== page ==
BLOOD clots form to try and repair damage to a blood vessel. Clotting is normal, but clots can be dangerous when they do not dissolve on their own. Once clots form, they can travel to other parts of your body, causing harm.
There are several signs and symptoms of blood clots. They are important to spot, as blood clots can cause deep vein thrombosis (DVT). This can be dangerous and you will need quick medical attention.
Arterial clots in the brain are called strokes. Clots can also form in the heart arteries, causing heart attacks.
Stop the Clot, the health site, says there are several symptoms of a blood clot in the leg or arm.
These include swelling, pain or tenderness not caused by injury, skin that is warm to the touch, and redness or discolouration of the skin.
Stop the Clot health site says: “If you can recognise these signs and symptoms, you can save your life or the life of a friend or family member.”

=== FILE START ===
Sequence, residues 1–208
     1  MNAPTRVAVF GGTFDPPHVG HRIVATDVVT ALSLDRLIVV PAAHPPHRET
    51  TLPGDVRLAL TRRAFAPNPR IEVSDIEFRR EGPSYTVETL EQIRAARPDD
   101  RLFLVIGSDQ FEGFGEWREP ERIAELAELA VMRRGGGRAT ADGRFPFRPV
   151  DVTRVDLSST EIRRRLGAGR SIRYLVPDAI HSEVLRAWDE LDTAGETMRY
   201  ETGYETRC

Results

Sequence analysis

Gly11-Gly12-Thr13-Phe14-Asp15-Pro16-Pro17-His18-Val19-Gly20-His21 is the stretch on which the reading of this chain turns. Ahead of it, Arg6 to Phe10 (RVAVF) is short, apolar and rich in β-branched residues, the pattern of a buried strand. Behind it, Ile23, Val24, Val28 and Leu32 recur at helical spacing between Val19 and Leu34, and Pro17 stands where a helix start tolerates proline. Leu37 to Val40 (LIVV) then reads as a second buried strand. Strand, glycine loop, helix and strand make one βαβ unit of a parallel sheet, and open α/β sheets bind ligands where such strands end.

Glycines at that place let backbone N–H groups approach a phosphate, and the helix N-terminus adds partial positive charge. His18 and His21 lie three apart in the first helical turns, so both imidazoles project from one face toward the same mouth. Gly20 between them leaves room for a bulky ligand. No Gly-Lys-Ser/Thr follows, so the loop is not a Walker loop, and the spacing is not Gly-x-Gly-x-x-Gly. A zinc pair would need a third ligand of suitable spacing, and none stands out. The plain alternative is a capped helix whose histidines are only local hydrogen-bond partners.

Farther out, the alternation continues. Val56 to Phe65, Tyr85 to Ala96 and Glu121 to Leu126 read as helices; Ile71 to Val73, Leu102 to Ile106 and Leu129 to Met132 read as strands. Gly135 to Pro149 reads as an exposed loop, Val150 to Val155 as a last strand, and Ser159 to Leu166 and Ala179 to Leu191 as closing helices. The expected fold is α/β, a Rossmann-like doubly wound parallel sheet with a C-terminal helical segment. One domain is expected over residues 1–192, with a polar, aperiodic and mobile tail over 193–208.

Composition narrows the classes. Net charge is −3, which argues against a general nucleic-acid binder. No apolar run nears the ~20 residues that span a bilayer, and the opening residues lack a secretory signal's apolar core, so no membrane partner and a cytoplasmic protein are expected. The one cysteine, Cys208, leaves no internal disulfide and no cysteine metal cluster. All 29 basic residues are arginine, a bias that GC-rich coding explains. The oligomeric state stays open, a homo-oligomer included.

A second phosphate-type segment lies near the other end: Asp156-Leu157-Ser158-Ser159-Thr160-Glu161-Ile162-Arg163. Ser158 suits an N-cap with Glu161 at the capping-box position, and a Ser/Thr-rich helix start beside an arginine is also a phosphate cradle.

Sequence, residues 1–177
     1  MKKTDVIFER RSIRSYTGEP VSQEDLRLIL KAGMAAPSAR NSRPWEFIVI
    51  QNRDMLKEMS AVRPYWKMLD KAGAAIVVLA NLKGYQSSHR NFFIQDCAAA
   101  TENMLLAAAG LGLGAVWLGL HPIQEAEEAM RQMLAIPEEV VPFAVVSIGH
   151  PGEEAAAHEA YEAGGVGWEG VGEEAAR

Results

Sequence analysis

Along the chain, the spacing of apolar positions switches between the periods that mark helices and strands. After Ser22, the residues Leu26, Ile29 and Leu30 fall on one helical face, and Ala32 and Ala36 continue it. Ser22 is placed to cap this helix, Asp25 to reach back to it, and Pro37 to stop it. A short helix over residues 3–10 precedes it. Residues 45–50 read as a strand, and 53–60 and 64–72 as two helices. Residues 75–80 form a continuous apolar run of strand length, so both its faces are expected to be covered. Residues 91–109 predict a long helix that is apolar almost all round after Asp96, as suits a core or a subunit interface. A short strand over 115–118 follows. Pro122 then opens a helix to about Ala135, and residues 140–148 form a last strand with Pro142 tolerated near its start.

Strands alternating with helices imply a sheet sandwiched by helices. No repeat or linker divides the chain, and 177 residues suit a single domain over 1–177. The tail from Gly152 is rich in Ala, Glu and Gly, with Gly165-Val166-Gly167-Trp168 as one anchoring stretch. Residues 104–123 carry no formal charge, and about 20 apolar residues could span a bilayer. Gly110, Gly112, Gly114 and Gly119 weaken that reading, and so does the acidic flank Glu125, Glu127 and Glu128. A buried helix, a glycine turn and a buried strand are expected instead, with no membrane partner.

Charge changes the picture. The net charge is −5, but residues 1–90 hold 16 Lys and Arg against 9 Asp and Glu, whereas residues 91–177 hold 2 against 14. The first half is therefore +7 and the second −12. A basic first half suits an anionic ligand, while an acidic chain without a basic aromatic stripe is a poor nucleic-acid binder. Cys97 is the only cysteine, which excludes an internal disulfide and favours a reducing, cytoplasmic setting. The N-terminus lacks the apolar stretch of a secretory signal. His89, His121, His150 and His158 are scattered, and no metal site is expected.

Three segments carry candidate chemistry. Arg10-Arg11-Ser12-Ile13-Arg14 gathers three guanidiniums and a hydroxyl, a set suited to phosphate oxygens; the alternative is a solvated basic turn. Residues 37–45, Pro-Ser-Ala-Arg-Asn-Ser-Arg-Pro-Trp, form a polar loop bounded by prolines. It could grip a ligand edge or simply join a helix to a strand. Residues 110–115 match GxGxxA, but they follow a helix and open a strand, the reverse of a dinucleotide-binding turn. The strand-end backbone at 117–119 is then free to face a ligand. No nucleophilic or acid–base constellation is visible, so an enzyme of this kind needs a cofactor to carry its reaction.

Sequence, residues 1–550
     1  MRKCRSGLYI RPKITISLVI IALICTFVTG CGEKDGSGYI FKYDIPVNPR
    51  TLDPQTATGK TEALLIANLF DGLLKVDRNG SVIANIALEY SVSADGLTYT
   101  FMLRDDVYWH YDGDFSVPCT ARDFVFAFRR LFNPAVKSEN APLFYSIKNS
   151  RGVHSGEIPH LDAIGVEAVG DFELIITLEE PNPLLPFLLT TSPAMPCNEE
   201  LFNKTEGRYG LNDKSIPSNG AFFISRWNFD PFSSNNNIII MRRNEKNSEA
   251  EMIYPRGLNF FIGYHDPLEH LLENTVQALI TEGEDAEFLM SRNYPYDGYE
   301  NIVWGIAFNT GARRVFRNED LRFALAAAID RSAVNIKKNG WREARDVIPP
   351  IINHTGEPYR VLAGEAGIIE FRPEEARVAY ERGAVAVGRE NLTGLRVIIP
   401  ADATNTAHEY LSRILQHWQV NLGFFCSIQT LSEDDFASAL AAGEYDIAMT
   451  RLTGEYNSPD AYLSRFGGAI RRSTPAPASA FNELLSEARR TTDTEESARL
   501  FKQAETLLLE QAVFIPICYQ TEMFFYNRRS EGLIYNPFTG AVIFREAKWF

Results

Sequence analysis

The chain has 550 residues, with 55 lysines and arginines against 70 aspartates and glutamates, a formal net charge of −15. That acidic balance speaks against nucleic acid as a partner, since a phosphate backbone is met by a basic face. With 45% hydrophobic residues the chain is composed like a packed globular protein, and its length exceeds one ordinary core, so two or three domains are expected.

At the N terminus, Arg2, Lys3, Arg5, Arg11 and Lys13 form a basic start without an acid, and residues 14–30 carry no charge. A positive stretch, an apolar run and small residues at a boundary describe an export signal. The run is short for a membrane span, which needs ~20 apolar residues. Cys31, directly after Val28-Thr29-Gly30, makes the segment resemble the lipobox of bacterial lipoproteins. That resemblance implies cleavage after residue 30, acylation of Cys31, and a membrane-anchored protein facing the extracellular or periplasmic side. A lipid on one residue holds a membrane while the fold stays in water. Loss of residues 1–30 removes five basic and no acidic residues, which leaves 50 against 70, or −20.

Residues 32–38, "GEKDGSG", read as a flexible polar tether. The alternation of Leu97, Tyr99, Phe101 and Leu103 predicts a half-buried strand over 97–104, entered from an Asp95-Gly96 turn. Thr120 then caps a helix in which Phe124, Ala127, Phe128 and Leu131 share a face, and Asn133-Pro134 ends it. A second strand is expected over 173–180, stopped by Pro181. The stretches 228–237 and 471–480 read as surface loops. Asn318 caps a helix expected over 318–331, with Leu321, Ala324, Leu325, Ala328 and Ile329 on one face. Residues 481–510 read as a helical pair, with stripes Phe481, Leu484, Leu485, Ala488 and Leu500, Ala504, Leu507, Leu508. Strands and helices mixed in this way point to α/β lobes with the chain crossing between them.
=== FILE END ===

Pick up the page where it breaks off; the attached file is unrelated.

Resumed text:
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It adds: “If you have these signs or symptoms, alert your doctor as soon as possible.”
“If a clot plugs up veins in your arms or legs, they may look bluish or reddish,” explains WebMD.
The health site adds: “Your skin also might stay discoloured from the damage to blood vessels afterward.
“A pulmonary embolism in your lung could make your skin pale, bluish, and clammy.”
There are also several signs of a blood clot in your speech, according to the American Heart Association. These signs include “trouble speaking or understanding speech, suggesting a possible stroke”.
Some risk factors put certain people at higher risk for developing a blood clot.
Blood clots become more common as people get older, especially when they are over age 65. Moreover, you can be at higher risk if you have a family history of blood clots.
Sometimes, a blood clot in a vein can occur with no apparent underlying risk factor.
If you have symptoms of DVT, the NHS recommend that you book an urgent GP appointment or dial 111.
However, DVT can be very serious and can lead to a pulmonary embolism. This is when blood clots in your veins break loose, travel through your bloodstream and get stuck in your lungs.
A pulmonary embolism can. “Brinkwire Summary News”.